The only home Marilyn Monroe ever owned and where she died of an apparent overdose in 1962 has sold in Los Angeles for $7.25 million.
Mansion Global was the first to report when the 2,600-square-foot hacienda hit the market in April. The icon’s former home sold for $350,000 above asking price and sold in less than 10 days, according to listing agency Mercer Vine.
The mystery buyer is not yet listed in public property records.
Monroe purchased the home in 1961 for less than $80,000 and lived there with her longtime housekeeper, Eunice Murray.
“Anybody who likes my house, I am sure I will get along with,” Monroe said during an interview with Life magazine Associate Editor Richard Meryman. In a photoshoot for the story, she lounged on an ornately carved green velvet chair and basked in the sunlight coming through one of the home’s many casement windows.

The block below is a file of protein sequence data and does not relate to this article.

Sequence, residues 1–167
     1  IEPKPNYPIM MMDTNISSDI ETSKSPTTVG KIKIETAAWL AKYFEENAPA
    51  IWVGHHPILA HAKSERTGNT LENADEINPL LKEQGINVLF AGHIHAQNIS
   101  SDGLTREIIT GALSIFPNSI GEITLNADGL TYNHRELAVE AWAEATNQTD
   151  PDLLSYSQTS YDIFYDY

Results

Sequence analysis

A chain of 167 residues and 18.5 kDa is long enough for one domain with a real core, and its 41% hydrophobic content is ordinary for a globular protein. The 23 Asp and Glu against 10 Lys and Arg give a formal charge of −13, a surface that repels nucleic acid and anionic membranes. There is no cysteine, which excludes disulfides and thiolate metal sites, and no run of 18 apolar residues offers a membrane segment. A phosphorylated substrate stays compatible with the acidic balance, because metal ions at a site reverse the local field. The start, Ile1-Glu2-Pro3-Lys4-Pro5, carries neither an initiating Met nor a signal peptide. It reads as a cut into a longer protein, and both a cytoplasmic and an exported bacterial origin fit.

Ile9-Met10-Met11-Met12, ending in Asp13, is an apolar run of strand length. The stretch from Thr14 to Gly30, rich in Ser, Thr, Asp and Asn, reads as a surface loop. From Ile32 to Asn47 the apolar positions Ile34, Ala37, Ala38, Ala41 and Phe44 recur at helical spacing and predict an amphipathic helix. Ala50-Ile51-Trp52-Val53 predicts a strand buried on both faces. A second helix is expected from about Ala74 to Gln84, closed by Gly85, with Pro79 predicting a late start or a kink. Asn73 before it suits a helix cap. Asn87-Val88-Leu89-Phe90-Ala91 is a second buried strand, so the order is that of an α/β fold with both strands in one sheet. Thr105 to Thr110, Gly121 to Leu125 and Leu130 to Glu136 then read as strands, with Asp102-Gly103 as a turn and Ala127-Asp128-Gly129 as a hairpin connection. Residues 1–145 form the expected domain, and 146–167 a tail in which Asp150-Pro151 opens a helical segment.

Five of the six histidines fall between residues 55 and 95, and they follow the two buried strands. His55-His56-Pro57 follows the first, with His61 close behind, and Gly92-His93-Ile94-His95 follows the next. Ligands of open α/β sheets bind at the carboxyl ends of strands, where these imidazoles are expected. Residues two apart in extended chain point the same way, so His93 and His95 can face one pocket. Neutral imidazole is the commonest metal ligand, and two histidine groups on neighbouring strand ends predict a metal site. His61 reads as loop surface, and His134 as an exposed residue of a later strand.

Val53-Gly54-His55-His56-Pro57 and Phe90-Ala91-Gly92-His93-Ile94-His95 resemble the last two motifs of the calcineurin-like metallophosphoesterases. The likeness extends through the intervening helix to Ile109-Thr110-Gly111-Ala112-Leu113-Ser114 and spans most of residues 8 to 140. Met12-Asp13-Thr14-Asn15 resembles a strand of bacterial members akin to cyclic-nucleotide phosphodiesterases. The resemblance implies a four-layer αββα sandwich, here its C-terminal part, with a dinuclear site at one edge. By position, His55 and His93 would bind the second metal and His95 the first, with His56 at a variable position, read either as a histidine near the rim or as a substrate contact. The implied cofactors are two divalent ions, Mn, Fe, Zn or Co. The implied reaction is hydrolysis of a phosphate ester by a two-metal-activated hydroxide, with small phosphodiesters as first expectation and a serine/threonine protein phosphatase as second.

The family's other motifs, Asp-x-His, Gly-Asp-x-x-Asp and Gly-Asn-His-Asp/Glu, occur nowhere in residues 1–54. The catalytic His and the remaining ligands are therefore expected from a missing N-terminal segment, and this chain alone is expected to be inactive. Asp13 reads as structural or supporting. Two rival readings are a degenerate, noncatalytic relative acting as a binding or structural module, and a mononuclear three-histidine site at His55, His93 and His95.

She reportedly took a trip to Mexico to try and find appropriate decor for the white stucco, Spanish-style home, which was still only partially furnished when she died at the age of 36. A doctor found her face down in bed after he used a fireplace poker to break through a window into her room, according to an article published in The Los Angeles Times the day after her death.
E. Murray / Fox Photos / Getty Images
The property offered the troubled beauty refuge from the spotlight. Built in 1929, the house is tucked beyond a cul-de-sac and behind a walled and gated entry in the Helenas, a collection of tree-lined residential streets in Brentwood, Los Angeles.
The main house has retained many of the details Monroe selected and offers the same privacy and tranquility that attracted the star, listing agent Lisa Optican of Mercer Vine previously told Mansion Global.
— Mansion Global (@MansionGlobal) April 26, 2017
The living room has terracotta floors, lancet arch doorways and original wood-beamed ceilings. A skylight pours sunlight into the kitchen and the same blue-tiled fireplace present in photos from Monroe’s time is still the centerpiece of the living room. Though her 1960s carpeting was replaced with tile floors.
After Monroe, most of the residents have been private people, including the most recent seller, who bought the home in 2012 for $5.1 million, according to property records.
The only exceptions were actress and model Veronica Hamel, who lived there in the 1970s, and director Michael Ritchie.
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